Poetry Class

This afternoon I took a class called Finding the Poem in Your Heart’s Garden.  During the class I wrote four poems which I’ll share with you, even though they are a little rough and incomplete.  I always have difficulty working to external prompts and within strict guidelines, so these types of poems never feel quite legitimate to me, rather more like back alley bastards.  But let’s digress!

First, for a little background, here’s the course outline.

“Finding The Poem In Your Heart’s Garden


Everyone, no matter what their skill level can learn to write a poem, and will leave with at least 5 poems to plant into their lives and into the lives of others.


What makes a poem? How you can pick a poem out of your experience and turn it into a delight How you can write poems for other How to become a poet or becoming a better one

Facilitator: Wendy Morton has published five books of poetry and a memoir. She believes that poetry is the shortest distance between two hearts! She is the recipient of the Spirit Bear Award, the Golden Beret Award and is an honorary citizen of Victoria. She is sponsored by Fairmont Hotels, AbeBooks and Prairie Naturals Vitamins and was WestJet’s Poet of the Skies, and Chrysler’s Poet of the Road. She believes we are all poets at heart.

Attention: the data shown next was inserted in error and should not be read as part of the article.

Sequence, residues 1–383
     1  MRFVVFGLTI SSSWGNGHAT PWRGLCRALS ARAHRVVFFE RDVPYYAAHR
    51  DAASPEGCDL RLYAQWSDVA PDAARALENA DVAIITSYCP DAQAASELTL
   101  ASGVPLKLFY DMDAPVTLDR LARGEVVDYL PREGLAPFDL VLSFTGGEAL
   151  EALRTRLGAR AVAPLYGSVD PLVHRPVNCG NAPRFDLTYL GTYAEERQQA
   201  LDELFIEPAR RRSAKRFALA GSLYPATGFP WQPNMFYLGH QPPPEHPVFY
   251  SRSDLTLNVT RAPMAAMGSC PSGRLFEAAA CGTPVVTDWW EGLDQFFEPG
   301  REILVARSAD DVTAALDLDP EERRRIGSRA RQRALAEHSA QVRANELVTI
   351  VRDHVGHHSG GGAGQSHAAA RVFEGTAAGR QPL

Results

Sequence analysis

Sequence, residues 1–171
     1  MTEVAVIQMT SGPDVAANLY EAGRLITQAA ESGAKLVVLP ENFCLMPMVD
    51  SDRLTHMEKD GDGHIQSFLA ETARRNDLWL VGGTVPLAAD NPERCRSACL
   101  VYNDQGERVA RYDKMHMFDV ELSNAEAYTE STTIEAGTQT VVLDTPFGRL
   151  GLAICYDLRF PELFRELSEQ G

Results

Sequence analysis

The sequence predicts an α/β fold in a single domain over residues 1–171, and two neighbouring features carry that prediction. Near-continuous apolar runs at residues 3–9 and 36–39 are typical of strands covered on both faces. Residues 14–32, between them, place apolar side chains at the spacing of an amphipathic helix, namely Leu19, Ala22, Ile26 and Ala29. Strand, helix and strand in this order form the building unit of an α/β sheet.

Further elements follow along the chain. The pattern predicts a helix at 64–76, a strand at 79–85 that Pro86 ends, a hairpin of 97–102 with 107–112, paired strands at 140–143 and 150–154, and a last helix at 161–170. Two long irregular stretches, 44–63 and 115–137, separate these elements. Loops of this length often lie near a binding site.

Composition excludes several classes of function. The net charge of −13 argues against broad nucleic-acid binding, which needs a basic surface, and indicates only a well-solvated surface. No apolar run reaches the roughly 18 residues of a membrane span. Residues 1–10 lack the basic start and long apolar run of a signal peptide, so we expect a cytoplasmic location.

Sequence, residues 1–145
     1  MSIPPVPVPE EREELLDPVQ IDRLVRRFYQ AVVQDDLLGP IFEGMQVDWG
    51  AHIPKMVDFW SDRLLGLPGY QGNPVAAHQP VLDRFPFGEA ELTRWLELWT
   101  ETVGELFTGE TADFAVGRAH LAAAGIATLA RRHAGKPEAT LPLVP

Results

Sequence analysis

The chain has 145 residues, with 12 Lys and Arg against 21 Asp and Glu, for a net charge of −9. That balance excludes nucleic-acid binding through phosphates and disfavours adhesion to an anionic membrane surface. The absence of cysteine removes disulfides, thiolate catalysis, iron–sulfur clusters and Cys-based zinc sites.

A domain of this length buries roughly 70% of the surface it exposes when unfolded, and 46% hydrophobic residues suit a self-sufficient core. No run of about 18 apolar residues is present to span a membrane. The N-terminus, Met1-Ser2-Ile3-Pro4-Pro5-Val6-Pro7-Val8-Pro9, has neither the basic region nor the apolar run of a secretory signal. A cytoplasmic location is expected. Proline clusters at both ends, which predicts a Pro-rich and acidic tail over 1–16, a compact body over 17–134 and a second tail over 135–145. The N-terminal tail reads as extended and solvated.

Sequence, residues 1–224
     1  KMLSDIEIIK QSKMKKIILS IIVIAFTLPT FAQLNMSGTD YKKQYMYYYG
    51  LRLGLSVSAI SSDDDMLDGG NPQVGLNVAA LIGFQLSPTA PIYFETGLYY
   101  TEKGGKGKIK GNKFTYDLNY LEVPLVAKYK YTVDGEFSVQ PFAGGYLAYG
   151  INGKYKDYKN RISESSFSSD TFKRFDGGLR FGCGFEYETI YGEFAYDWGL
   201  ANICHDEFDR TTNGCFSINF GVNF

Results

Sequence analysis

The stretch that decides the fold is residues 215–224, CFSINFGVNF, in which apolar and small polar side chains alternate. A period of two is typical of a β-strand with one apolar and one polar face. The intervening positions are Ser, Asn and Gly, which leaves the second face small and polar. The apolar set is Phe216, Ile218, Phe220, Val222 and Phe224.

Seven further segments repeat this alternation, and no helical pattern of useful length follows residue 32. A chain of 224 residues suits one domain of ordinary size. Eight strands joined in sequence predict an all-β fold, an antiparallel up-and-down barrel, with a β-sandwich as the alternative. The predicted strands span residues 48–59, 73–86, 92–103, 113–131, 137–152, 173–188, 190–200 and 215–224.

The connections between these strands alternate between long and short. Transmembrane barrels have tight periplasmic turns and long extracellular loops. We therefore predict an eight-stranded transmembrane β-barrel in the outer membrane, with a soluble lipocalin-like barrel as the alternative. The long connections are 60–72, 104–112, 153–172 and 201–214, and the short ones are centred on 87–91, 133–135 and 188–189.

Length: 3 hours Date: Sat, Feb 9, 2013 Time: 1pm – 4pm”

And here, below, is some promotional verbiage from the Royal Roads University website.  It really is a fabulous location, and Hatley Castle has been used in dozens of feature films and TV shows over the years.

“The Royal Roads University campus sprawls over 260 hectares of lush parkland, where you will find walking, hiking, and biking trails, magnificent examples of the west coast’s flora and fauna, gorgeous views of the Juan de Fuca straight with the majestic Olympic mountain range in the background, a stunning Japanese garden, and a castle built for one of Vancouver Island’s most recognized coal barons. And that’s just what you’ll see when you get here. Once you start getting around campus, you’ll also discover the breadth and depth of the education we provide and the opportunities a degree can bring to your personal and professional world.”

And here is a much more complete bio for Wendy:

“Wendy Morton’s first book of poetry, Private Eye, was published in 2001. She knew she had to find some way to turn her poetry into currency. She had once been stopped by a cop for speeding, read him a poem and escaped a ticket. She was thus convinced of the power of poetry.